Yesterday, when discussing the forthcoming implications of the Libor scandal, we said that in the barrage of coming lawsuits, "the entity that will be sued by proxy is the Federal Reserve, whose Federal Funds rate is really the setter for the baseline Libor rate." This claim came at an opportune time, just hours before one of the Fed's most vocal critics (and gold standard advocates), Jim Grant, appeared on TV to discuss precisely the same thing. Best summarizing his position is a cartoon that appeared in a recent issue of Grant's Interest Rate Observer in the context of Lieborgate, and who is really at fault here.
We noted the significant drop in the ECB's Deposit Facility this morning and as the day wore on it became clear that few - if any - of the standard talking heads on media channels had a clue what this meant except the standard comprehension that it must be good for stocks as the money is finally being put to good use (though as we noted bond yields would say different). While it is true that a large chunk of money has shifted away from the deposit facility, the money has not gone anywhere else – it is still sitting at the ECB, just that it is now in the ECB current account where banks place money to fulfill their reserve requirements. The catch here is that both excess reserves and the deposit facility will earn nothing from now on - so why move it? Simple, as BofAML points out, placing the money in the current account has lower operational costs for banks – if a bank places money at the deposit facility, it will be returned automatically the day after; however, if placed in the current account, it will remain there until the bank manually requests to take the money out. So, it would seem, somewhere a young associate on the Treasury Function desk just lost his job as he no longer needs to press the 'send to ECB' button every night. The reality is that the information on bank lending activities that one can infer from these ECB data is minimal at best.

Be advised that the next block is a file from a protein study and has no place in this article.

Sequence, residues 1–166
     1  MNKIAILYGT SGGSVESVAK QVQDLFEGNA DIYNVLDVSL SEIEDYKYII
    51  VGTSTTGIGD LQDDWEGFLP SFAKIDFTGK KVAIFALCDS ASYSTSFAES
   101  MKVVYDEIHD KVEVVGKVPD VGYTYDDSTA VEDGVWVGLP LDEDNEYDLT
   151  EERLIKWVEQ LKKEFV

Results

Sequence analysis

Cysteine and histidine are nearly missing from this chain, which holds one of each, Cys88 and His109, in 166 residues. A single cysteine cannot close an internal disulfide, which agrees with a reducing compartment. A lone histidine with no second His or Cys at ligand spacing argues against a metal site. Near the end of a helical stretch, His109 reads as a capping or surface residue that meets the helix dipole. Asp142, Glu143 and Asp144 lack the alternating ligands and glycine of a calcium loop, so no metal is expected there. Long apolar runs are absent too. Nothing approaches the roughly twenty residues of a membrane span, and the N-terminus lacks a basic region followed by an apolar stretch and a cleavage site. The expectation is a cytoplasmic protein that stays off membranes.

According to the just released M2 update, the broadest publicly tracked monetary aggregate (because the Fed doesn't have enough money to keep track of M3) just hit $9,991.5 billion, a $43 billion increase from last week. In other words, this is the last week in which M2 is under $10 trillion. So enjoy it while the "complete lack of penetration" of the monetary base into broader monetary aggregates, and of the Fed's reserves so tightly locked up in bank vaults, is still only 13 digits (most of it comprising of bank deposits which of course represent no inflationary threat at all). Next week it will be a record 14 digits for the first time, and well on its way to surpassing the $15 trillion held in the deposit-free shadow banking system as the importance (and inflationary convexity) of the two is rapidly interchanged.
Stepping back from the trees to survey the forest (from the Moon perhaps) often provides some clarifying picture-paints-a-thousand-words view of the world. This is exactly what Citi's Rick Lorusso has done and while he called for a correction back in March which was followed by a 10.9% drop in the Dow, he was disappointed and is looking for a far greater adjustment - no matter how many times he hears about negative sentiment and QE and soft-landings. Starting from a truly long-term yearly chart of the Dow Jones Industrial Average, Lorusso conjures wave patterns, Fibonnacci, and cycles as he rotates down to monthly and daily charts to conclude that his charts "suggest the potential for a very significant high this year," in the July/August period, summarizing that Citi is "anticipating that the market will form a terminal high." - even more so on a rally from here as he warns "beware of new highs" so bulls be careful what you wish for.